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Medicineworld.org: Young Adults May Outgrow Bipolar Disorder

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Young Adults May Outgrow Bipolar Disorder




Bipolar disorder, or manic-depression, causes severe and unusual shifts in mood and energy, affecting a person's ability to perform everyday tasks. With symptoms often starting in early adulthood, bipolar disorder has been thought of traditionally as a lifelong disorder. Now, University of Missouri scientists have found evidence that nearly half of those diagnosed between the ages of 18 and 25 may outgrow the disorder by the time they reach 30.

"Using two large nationally representative studies, we observed that there was a strikingly high peak prevalence of bipolar disorders in emerging adulthood," said David Cicero, doctoral student in the Department of Psychological Sciences in the College of Arts and Science.



Young Adults May Outgrow Bipolar Disorder
David Cicero is a graduate student, who led a paper on treatment of bipolar disorder.

and main author of the paper. "During the third decade of life, the prevalence of the disorder appears to resolve substantially, suggesting patients become less symptomatic and may have a greater chance of recovery".

By examining the results of two large national surveys, MU scientists found an "age gradient" in the prevalence of bipolar disorder, with part of the population appearing to outgrow the disorder. In the survey results, 5.5 to 6.2 percent of people between the ages of 18 and 24 suffer from bipolar disorder, but only about 3 percent of people older than 29 suffer from bipolar disorder.

"Young adults between the ages of 18 and 24 are going through significant life changes and social strain, which could influence both the onset and course of the disorder," said Kenneth J. Sher, Curators' Professor in the Department of Psychological Sciences and co-author of the study. "During this period of life, young adults are exploring new roles and relationships and begin to leave their parents' homes for school or work. By the mid 20s, adults have begun to adjust to these changes and begin to settle down and form committed relationships".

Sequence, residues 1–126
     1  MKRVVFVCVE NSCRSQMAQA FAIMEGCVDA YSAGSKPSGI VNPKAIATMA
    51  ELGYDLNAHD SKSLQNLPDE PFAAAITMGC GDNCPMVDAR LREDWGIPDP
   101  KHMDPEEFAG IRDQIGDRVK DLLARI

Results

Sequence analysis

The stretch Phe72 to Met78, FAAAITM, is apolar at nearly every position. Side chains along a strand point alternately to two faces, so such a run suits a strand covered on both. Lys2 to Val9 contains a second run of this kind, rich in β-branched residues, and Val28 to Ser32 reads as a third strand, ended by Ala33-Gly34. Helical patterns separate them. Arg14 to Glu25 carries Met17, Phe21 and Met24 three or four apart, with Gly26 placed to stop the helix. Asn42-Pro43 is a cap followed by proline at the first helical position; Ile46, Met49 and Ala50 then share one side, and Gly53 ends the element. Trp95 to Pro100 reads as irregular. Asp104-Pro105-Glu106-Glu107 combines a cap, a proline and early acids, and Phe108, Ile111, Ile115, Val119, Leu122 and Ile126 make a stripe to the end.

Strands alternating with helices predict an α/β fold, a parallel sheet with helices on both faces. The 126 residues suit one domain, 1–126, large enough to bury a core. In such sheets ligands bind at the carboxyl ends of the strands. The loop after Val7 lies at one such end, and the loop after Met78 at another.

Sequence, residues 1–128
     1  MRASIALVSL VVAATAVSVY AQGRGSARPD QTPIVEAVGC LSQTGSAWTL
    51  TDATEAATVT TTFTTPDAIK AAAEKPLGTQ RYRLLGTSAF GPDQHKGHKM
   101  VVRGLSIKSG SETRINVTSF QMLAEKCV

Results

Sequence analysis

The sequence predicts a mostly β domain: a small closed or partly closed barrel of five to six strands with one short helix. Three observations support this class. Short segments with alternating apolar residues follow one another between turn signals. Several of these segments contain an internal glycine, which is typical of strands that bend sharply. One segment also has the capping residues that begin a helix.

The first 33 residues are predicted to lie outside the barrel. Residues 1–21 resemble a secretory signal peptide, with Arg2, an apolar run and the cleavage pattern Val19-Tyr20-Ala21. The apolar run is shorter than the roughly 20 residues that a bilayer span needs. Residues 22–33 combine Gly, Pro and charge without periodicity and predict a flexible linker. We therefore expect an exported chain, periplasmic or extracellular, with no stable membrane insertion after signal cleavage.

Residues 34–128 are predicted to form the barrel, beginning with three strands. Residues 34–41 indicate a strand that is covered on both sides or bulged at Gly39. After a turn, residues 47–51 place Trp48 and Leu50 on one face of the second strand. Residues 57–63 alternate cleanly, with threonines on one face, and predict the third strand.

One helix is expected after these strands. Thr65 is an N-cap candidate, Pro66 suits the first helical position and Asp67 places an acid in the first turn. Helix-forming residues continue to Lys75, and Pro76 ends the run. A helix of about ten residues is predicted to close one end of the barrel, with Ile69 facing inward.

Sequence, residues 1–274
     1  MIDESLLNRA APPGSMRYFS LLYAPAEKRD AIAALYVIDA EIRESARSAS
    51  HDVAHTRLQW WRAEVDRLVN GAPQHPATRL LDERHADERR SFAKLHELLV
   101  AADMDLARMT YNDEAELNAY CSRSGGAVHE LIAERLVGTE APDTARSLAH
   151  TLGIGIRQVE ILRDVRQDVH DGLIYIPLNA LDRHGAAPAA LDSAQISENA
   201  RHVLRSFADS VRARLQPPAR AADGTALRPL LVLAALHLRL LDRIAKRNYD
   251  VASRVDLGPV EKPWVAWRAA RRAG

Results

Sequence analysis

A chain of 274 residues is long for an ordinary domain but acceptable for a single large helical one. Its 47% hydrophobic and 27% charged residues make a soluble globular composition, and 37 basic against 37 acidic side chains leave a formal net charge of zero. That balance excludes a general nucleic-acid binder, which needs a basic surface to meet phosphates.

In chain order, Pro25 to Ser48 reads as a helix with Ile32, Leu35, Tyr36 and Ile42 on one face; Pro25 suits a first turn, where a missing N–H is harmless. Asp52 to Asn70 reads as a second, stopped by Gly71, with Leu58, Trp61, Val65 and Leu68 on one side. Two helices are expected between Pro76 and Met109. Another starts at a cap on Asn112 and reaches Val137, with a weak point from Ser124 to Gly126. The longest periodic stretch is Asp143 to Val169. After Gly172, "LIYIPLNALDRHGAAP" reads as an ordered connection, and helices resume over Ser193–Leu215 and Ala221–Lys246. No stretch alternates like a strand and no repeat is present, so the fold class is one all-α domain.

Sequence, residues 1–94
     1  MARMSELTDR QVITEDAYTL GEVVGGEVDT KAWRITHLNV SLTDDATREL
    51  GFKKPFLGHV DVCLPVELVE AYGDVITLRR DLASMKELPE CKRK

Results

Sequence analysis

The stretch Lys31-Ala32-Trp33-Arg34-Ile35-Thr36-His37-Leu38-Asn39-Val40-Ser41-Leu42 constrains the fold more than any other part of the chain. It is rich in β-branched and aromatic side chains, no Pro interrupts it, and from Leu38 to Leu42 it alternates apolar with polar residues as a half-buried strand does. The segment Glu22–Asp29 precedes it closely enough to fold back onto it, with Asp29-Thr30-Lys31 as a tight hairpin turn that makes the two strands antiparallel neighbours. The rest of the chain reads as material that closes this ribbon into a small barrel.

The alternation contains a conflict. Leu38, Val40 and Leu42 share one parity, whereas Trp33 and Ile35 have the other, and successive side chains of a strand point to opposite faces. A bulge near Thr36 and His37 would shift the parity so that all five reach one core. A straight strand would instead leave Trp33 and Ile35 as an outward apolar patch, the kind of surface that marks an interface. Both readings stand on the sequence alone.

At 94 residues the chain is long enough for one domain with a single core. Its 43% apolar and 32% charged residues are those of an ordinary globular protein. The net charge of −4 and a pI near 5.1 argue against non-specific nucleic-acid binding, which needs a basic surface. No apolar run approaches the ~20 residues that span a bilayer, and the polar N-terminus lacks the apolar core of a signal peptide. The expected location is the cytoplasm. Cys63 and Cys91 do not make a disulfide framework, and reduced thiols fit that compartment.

Scientists predict the prevalence of the disorder also could be affected by brain development, especially the prefrontal cortex. The prefrontal cortex, the very front part of the brain, is thought to control perception, senses, personality and intelligence. In particular, it controls reactions to social situations, which can be a challenge for people with bipolar disorder.

"The maturing of the prefrontal cortex of the brain around 25 years of age could biologically explain the developmentally limited aspect of bipolar disorder," Cicero said. "Other scientists have found a similar pattern in young adults with alcohol or substance abuse disorders".

While some scholars suggest that the difference could be due to discounting factors such as early mortality, the sheer number of those who are recovering rules out this possibility, Sher said.


Posted by: JoAnn    Source




Did you know?
Bipolar disorder, or manic-depression, causes severe and unusual shifts in mood and energy, affecting a person's ability to perform everyday tasks. With symptoms often starting in early adulthood, bipolar disorder has been thought of traditionally as a lifelong disorder. Now, University of Missouri scientists have found evidence that nearly half of those diagnosed between the ages of 18 and 25 may outgrow the disorder by the time they reach 30.

Medicineworld.org: Young Adults May Outgrow Bipolar Disorder

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